Fast forward to present day politics, and you would be forgiven to think that the world is spinning at full pelt, on its axis. Hot on the heels of the Arab Spring was the New World Order to recalibrate the political landscape in the Middle East, and to nullify the perceived growing threat and influence of Iran in the region. Regime Change became a new word in the world political lexicon. What followed, and what happened in Iraq, Egypt, Libya and Syria stays in Iraq, Egypt, Libya and Syria. The rest is history. You write your own version.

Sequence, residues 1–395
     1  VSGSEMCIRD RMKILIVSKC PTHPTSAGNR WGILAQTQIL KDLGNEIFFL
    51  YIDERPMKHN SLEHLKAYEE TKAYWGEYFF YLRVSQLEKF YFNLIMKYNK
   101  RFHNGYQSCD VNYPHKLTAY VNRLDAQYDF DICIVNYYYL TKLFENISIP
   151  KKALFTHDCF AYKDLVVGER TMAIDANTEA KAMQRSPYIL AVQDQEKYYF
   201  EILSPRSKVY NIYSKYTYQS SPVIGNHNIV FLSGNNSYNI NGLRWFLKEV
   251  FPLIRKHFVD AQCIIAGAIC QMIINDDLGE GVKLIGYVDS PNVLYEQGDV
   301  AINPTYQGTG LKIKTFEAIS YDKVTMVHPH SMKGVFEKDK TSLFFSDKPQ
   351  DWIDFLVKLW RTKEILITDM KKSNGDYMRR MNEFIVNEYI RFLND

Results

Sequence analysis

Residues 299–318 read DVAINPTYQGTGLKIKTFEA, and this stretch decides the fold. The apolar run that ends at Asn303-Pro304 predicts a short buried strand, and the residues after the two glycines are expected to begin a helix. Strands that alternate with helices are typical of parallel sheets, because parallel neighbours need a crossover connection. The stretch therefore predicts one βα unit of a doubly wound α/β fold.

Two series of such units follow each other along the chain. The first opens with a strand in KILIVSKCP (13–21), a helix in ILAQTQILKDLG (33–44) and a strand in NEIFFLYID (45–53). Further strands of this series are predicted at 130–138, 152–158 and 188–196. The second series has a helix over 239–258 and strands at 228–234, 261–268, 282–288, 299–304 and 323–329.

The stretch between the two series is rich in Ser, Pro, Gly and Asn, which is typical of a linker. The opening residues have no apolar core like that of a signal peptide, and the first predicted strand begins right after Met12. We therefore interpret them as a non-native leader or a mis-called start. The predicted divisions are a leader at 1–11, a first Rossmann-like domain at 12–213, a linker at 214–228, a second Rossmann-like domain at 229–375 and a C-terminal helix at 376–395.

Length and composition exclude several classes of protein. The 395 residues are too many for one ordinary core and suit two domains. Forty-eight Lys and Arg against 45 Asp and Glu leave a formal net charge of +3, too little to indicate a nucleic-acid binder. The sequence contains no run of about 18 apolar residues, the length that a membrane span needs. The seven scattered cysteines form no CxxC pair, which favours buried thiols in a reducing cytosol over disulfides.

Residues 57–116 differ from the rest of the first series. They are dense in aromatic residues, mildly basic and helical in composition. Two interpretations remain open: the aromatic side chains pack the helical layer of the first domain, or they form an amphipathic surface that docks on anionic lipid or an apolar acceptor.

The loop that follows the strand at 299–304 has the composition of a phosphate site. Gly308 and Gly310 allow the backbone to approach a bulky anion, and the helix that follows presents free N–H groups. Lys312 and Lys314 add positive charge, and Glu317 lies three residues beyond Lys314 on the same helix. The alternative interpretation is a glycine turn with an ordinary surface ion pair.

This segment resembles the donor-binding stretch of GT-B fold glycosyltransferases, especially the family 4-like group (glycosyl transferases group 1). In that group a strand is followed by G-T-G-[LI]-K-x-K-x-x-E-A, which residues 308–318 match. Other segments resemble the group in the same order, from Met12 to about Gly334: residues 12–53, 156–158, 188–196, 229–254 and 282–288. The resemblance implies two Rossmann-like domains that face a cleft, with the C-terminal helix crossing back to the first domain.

Large scale globalisation started in the 1820s. In its unadulterated form, globalization is primarily an economic process of interaction and integration that’s associated with social and cultural aspects. The world was seen as one, and the aim was for all of the world’s humanity to eat from the same table. But the process has undergone a lot of alchemy, and now seems to have gone full circle. But globalisation led to the creation of economic jungles, as we also witnessed the birth of filial infanticide and cannibalism; the tendency in some animal species for the parents to eat their young. With globalisation, we saw how young, feeble and vulnerable economies were swallowed up by large scale conglomerates across the world. To all intents and purposes, globalisation has proven that the rich and powerful now had new means to further enrich and empower themselves at the cost of the poorer and weaker. It is no wonder why countries across the world engage in mass protests on an annual basis.